The main hazards with electric tools are:
lack of grounding or double insulation
• broken or disarmed safety devices such as retractable
• unfamiliarity with the tool
failure to hold tool securely
failure to secure work
injuries to hands and eyes
faulty tool cords and extension cords
failure to use ground fault circuit interrupters (GFCIs)
with tools operated outdoors or in wet or damp locations
• Make sure the tool is grounded and the cord polarized or
“Grounded” means an approved three-wire cord with a
three-prong plug. Use the tool only in a three-pole outlet.
• You can identify two-pronged polarized tools because one
prong is larger than the other.
• Never cut off or bend back the ground pin on a three-
prong plug—or use a two-prong cheater or adapter—to
make the plug fit in a two-pole outlet.
• Double-insulated tools are labelled as such. The label will
feature a D, a D inside a square, a double square, and so
• Make sure the casing of a double-insulated tool is not
cracked, split, or broken.
Inspect tool cords and extension cords daily for damage.
• Keep cords clear of the tool during use.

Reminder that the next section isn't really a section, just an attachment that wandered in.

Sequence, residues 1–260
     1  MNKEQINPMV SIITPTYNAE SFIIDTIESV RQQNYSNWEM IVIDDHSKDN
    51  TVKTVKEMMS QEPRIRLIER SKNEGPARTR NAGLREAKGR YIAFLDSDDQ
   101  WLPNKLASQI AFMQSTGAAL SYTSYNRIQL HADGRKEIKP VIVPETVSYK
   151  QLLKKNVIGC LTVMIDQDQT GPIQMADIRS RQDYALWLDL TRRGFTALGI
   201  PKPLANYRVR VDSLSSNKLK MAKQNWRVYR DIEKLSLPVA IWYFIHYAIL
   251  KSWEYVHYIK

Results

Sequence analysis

• Replace any open-front plugs with dead-front plugs.
Dead-front plugs are sealed. They present less danger of
shock or shortcircuit.
Inspect tool cords and extension cords for kinks, cuts,
cracked or broken insulation, and makeshift repairs.
• Don’t use the cord to lift, lower, or carry an electric tool.
Don’t disconnect the tool by yanking or jerking on the
cord. You’ll damage the cord, loosen connections, and run
the risk of shocks and shortcircuits.
• Protect cords from traffic. Run them through conduit or
between planks along either side. If necessary, run cords
overhead above work or travel areas.
If any cord feels more than warm to the touch, check the
circuit for overloading.
• Report any shocks from tools or cords to your supervisor.
Tag the tool and don’t use it.
• Outdoors or in damp or wet loc